As the founder of Downtown Dog Rescue, working in the community of South Los Angeles now for approximately ten years, I knew that when my friend and dog trainer Larry Hill and I set out to organize an event to promote pet responsibility called DogKnic at St Andrews Park in South West Los Angeles, the approval would not come from City Hall or the Department of Animal Care and Control, it would come from the gangs that control that park, to be specific, The Neighborhood 90s and the 8 Tray Gangsters, two Crip sets. The easy part was getting Anthony, the park supervisor on board to allow us to bring DogKnic, a community event that offered free spay/neuter, vaccinations and micro chipping for dogs and most important, brought together some of the most outstanding training clubs in the Greater Los Angeles area. Immediately, Best Friends, Karma Rescue, Found Animals and Amanda Foundation all came on board to support our family oriented event but we still needed approval from the gangs.
Because Larry lives in the neighborhood, has trained dogs in the community for forty years and understands the challenges of being a youth with little or no alternative to the gang lifestyle, he sat down one afternoon at the picnic area in the park with the 8 Trays, asking them for their approval. They agreed. Now, he needed to get the same approval from the 90s, they agreed. Sounds easy? Not really, despite the relationships that he had developed in the community. When we decided to use St. Andrews Park as our event site, Larry knew that without the 8 Trays and the 90s approval, the event may not be safe for everyone. He also understood the importance of respecting their territory. The complex dynamic of how that approval went down involved Larry calling his nephew, who was a member of the 8 Treys, now relocated in Oklahoma but still the shot caller for this set. Once his nephew called some of the members, explaining that his family was going to be in the park, Larry was confident, nothing violent would happen at DogKnic. Everything was coming together great, lots of people coming to the event from all parts of the City, LAPD was on board, glad to hear about a community event taking place in a park that was once better known for shootings more than people walking their dogs and children playing on swings.
Then it happened, the Thursday before our Saturday event, an LAPD officer was shot in the same neighborhood, off of Western near 70th street. The shooter was able to escape but over 72 city blocks covering nearly 800 homes were included in the police lock down, going on a hunt for two suspects that the LAPD believe are responsible for the shooting. According to news reports, this area of Los Angeles is reported to be among the most violent in South Los Angeles and falls within LAPD’s 77th Division. Our event was on 89th off Western and Manchester. Too close for comfort for a lot of folk to come down to South LA but just another day for Larry who had to drive around the blocked off streets and observe the LAPD tactical alert. As 24 hours passed, more people began to send me messages, “Wish that I could be there, I hope that everything is safe.”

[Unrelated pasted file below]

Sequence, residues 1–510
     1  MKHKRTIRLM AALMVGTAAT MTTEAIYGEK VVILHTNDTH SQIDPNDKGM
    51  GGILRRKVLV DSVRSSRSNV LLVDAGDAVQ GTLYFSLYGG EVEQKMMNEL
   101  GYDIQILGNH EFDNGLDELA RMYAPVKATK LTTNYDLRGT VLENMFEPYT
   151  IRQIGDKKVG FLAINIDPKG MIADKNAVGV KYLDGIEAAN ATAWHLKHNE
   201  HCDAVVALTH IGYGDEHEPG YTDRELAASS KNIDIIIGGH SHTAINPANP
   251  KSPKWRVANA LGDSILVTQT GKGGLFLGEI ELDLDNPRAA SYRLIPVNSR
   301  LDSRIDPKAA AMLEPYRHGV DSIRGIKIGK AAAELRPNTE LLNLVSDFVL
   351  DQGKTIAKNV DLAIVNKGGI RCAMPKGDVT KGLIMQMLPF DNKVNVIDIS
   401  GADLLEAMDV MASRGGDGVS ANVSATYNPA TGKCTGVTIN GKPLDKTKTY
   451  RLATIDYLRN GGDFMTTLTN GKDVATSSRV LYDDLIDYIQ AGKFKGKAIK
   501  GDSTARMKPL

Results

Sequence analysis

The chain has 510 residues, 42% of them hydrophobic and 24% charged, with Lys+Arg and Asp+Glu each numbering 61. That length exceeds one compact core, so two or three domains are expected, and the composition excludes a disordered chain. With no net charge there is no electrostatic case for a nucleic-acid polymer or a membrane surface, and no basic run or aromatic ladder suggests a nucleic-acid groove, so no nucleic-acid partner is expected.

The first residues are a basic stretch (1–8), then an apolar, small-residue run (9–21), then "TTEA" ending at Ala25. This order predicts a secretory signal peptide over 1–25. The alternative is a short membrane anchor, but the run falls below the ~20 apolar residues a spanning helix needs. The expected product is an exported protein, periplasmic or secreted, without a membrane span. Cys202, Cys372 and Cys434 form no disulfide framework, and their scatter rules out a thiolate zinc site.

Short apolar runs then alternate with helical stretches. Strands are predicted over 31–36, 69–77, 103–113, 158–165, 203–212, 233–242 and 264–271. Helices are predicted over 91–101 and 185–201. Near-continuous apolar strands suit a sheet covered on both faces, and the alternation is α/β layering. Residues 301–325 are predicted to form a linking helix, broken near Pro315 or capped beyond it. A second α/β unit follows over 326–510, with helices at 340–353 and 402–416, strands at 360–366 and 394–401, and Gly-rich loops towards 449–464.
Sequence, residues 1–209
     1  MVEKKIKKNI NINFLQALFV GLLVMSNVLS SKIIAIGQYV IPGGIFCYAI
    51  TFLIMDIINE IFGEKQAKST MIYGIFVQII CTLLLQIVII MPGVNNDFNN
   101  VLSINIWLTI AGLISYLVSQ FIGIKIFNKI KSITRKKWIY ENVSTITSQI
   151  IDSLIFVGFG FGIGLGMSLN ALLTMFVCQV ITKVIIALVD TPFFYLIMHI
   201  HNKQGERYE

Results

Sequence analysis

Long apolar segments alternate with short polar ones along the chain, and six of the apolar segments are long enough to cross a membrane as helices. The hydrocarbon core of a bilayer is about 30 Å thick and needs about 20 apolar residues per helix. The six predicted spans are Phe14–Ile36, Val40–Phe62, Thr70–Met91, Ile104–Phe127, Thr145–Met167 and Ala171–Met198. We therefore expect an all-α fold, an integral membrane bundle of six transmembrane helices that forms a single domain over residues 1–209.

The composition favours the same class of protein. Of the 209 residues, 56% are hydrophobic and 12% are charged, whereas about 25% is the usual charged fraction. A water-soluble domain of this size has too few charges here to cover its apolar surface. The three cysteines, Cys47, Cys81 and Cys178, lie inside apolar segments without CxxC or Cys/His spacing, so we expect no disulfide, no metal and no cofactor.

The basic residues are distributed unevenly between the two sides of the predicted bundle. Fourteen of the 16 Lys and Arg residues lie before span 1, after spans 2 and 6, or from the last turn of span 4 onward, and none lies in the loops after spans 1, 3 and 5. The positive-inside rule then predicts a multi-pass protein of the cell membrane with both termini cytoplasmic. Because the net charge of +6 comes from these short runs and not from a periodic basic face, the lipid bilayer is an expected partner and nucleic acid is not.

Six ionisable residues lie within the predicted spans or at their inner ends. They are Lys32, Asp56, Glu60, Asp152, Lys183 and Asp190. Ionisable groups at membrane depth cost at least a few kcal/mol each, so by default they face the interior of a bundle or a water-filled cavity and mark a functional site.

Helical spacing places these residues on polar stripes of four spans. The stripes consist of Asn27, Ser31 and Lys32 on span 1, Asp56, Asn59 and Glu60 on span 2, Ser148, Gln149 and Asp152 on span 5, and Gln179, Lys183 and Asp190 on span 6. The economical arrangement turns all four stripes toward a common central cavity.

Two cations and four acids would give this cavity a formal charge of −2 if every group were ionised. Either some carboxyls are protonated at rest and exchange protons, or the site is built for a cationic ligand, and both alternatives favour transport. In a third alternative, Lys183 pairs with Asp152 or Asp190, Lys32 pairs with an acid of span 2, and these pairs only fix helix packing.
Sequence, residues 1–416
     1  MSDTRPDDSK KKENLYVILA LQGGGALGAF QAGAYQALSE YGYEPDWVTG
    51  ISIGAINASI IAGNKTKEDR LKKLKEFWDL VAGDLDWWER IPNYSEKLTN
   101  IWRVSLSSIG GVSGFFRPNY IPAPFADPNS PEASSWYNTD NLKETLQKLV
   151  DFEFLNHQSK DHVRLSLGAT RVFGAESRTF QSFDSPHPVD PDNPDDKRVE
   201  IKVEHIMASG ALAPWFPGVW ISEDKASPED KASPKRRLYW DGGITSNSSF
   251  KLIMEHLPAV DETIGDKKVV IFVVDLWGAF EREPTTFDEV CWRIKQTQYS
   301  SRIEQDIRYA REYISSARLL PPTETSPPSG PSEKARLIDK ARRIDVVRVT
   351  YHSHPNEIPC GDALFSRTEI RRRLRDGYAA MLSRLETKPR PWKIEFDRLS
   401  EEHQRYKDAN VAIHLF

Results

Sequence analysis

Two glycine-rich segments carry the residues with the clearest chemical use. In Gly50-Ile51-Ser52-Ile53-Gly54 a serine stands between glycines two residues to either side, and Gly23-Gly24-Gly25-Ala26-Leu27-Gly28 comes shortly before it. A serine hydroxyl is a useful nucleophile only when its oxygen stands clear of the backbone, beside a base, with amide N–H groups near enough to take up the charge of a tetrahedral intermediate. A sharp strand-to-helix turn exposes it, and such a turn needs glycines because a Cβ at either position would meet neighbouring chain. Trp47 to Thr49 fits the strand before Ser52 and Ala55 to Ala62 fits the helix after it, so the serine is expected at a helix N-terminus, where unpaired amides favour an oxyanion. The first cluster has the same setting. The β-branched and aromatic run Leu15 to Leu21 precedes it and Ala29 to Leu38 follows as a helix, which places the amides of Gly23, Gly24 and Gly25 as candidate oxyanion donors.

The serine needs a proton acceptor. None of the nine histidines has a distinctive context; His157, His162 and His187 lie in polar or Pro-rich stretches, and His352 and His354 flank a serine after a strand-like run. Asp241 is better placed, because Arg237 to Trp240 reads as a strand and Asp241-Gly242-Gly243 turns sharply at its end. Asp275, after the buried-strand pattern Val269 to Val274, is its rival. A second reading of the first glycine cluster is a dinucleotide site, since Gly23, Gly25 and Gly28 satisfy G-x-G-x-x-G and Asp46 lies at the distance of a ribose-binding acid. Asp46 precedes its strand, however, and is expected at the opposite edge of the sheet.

What people didn’t want to write is, I’m not familiar with South LA even though I’ve lived in the City of LA most of my life and I don’t plan to become too familiar with South LA now that a police officer was shot by two gang members just blocks away from the park where our event was scheduled. Nothing hit me harder than the blue spray painted symbol on the sidewalk near the entrance to the park. It looked like a blue cross. Larry explained that it meant that no harm should come to anyone at our event. The gang members had all been told to “stand down” meaning no violence, family members were in the park at our event, including Larry’s wife who received a couple phone calls from 8 Treys to make sure she was OK.
Our day was more than OK, it was beautiful. The remark most often heard was, “No fights’. I would like to assume that the individuals saying this were referring to the dogs not the people, of which there were about 500 in attendance, black, Asian, Latino, Caucasian, all coming together for one reason, their love and dedication to dogs. Not just any dogs, big power breeds, like Pit bulls, Dobermans, German Shepherd Malinois, even a Giant Schnauzer. It was amazing to see one hundred plus dogs all co existing with their people who on paper, shouldn’t get along. We may not have had a big name movie star to sponsor our event, or a TV crew to cover us on the news but we made news, the community is changing.
The community saw the event and thanked Larry and I for hosting it. DogKnic is Larry’s idea, I helped expand it into a show that we are both proud of. So often we hear about the “Pit Bull Problem” or that certain people don’t want to get their dogs fixed or this group of people keep their dogs outside so they don’t love them as much as the people who shower their dogs with love and affection dress them up like children and keep them locked up in the air conditioned house until they are so anxiety ridden that they have to go on anxiety meds just like their owner.
We believe that dogs bring social capital – community goodwill and civic consecutiveness – to a community. The community as a whole benefits by the health and welfare of all its parts, including its companion animals. DogKnic is a blueprint that defines and embraces neighborhoods that are welcoming to animals and people. Our goal is to make the St. Andrews Park DogKnic an annual community event and expand it throughout the parks in South Los Angeles and perhaps across the nation!